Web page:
Who Killed the Holocaust?

Ever dream of winning an Academy Award?  It's quite easy, actually: brush up on your Holocaust history.  Case in point: Out of seven nominated Holocaust feature documentaries in 2014, six won an Oscar.

However, Holocaust fatigue may be setting in.  At the 89th Academy Awards, Joe's Violin, a short documentary about how a donated musical instrument forges an improbable friendship between a 91-year-old Holocaust survivor and a 12-year-old Bronx schoolgirl, lost out to The White Helmets, a film that follows the daily operations of a group of volunteer rescue workers of the Syrian Civil Defense. 

So while it remains to be seen whether the Holocaust has lost its luster around Hollywood, it is increasingly being recruited to promote a series of progressive causes.  

Indeed, institutionalized Holocaust remembrance in the United States has devolved into an appendage of the Democratic Party.  Steven Goldstein and Jonathan Greenblatt represent a fresh crop of progressive political activists charged with preserving the memory of those eviscerated by the Final Solution.  Yet their professional résumés are curiously devoid of much in the way of traditional cultural Jewish experience or even training.

As a result of the politicization of the Holocaust and anti-Semitism, the universal lessons to be learned from what Hannah Arendt famously described as the banality of evil have been co-opted by party hacks looking to score political points.

In January, Anne Frank Center for Mutual Respect executive director Steven Goldstein released a scathing statement calling upon then-president-elect Donald Trump to apologize for comparing the United States to Nazi Germany.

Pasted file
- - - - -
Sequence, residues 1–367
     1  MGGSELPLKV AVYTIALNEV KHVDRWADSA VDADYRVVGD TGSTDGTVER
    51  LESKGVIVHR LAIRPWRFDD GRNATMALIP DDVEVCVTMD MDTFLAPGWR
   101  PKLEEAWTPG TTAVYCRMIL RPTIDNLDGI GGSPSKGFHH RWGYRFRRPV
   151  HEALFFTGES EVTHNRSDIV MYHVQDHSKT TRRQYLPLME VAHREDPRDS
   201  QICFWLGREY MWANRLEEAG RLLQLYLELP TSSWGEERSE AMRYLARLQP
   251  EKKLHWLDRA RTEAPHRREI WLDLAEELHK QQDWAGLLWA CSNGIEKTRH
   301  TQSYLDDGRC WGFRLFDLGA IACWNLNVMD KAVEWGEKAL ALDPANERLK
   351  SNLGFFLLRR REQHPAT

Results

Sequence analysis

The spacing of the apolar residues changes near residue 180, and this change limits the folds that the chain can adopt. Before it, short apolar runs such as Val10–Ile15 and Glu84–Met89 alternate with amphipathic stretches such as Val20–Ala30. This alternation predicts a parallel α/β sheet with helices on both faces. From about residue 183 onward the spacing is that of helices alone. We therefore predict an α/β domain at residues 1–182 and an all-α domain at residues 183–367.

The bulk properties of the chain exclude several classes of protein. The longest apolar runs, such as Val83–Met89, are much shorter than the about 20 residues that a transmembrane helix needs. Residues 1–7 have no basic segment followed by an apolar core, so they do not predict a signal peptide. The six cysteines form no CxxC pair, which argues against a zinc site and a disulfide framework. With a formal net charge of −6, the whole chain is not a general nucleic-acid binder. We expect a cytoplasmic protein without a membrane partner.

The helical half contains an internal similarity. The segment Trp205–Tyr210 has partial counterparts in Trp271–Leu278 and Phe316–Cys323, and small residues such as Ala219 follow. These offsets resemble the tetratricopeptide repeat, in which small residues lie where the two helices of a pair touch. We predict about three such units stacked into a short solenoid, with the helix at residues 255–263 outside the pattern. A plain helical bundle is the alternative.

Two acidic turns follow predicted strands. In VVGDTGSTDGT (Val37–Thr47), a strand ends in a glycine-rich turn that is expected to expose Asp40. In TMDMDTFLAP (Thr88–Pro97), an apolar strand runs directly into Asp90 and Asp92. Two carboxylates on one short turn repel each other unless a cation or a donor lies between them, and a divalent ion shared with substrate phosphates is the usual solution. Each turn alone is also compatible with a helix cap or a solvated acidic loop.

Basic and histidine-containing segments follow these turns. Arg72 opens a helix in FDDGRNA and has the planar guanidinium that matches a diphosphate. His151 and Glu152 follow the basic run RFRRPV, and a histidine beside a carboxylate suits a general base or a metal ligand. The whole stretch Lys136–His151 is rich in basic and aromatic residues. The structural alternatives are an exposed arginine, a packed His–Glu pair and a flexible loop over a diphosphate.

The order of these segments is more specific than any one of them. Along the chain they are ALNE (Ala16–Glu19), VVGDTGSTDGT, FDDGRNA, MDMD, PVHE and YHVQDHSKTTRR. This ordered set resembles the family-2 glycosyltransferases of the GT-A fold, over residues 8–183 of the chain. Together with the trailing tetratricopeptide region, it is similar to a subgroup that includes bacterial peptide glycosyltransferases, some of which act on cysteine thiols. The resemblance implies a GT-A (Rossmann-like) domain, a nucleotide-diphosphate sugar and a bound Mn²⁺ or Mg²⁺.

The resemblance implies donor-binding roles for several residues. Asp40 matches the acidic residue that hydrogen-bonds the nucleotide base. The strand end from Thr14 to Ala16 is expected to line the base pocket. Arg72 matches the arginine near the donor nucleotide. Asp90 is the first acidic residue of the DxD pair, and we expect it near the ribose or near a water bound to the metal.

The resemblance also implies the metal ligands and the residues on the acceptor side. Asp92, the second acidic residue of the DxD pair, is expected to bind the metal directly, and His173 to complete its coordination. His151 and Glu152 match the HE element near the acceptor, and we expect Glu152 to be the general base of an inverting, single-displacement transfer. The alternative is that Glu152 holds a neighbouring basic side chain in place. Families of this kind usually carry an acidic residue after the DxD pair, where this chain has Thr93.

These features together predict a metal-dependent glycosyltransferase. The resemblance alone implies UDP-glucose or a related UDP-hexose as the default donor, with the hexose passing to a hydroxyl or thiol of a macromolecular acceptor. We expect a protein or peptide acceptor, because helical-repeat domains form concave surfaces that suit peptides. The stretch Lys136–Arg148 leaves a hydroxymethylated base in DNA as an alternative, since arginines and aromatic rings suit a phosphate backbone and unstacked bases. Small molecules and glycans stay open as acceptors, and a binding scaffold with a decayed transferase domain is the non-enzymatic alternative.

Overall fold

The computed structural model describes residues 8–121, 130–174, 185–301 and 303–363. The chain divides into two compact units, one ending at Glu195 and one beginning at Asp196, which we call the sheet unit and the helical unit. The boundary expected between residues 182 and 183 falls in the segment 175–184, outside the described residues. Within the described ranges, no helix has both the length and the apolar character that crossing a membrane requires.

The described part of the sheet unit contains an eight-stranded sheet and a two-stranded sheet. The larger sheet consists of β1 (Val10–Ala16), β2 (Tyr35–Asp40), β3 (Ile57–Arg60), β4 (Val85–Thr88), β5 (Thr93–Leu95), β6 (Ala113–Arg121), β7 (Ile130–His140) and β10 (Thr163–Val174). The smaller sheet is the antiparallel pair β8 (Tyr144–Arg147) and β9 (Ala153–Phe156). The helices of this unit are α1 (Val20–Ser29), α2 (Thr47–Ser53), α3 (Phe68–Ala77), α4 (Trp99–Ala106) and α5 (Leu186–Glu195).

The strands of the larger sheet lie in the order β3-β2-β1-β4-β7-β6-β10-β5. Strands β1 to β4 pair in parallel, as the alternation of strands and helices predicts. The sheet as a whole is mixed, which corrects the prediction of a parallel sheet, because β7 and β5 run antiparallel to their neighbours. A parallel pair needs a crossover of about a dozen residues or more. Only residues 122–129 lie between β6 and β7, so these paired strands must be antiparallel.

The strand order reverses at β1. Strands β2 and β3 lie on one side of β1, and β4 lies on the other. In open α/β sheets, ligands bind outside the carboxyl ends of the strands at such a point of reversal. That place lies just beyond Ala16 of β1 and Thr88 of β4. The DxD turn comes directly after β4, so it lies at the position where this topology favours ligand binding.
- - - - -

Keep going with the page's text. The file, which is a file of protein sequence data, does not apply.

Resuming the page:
Then, several American Jewish groups lambasted the White House after it released a statement to mark International Holocaust Remembrance Day that did not mention Jews or anti-Semitism.

According to Anti-Defamation League (ADL) CEO Jonathan Greenblatt, Trump's statement "misses that it was six-million Jews who perished, not just 'innocent people.'"

In response, White House officials said they had intended to highlight the fact that the Nazis had many victims, not just Jews.

Though the genocidal singularity of the Holocaust makes it unique, are its lessons not applicable to the entirety of humankind?

In short, Goldstein, Greenblatt, and leaders of other Jewish organizations in the United States cynically whipped up a tempest in a teapot.

After all, how many times has the Anne Frank Center for Mutual Respect or ADL publicly voiced outrage at Donald Trump repeatedly being compared to Adolf Hitler?  Where were these morally pristine organizations when comedian and devoted Democrat Sarah Silverman went on to a late-night talk show dressed like the Führer? 

Similarly puzzling is the progressives' Pavlovian response of equating the demise of statist, socialist political parties across Europe with the rise of Nazism in the 1930s.  Such an analogy is about as ludicrous as comparing today's Democratic Party to Joseph Stalin or Pol Pot simply because all three happen to be politically left of center.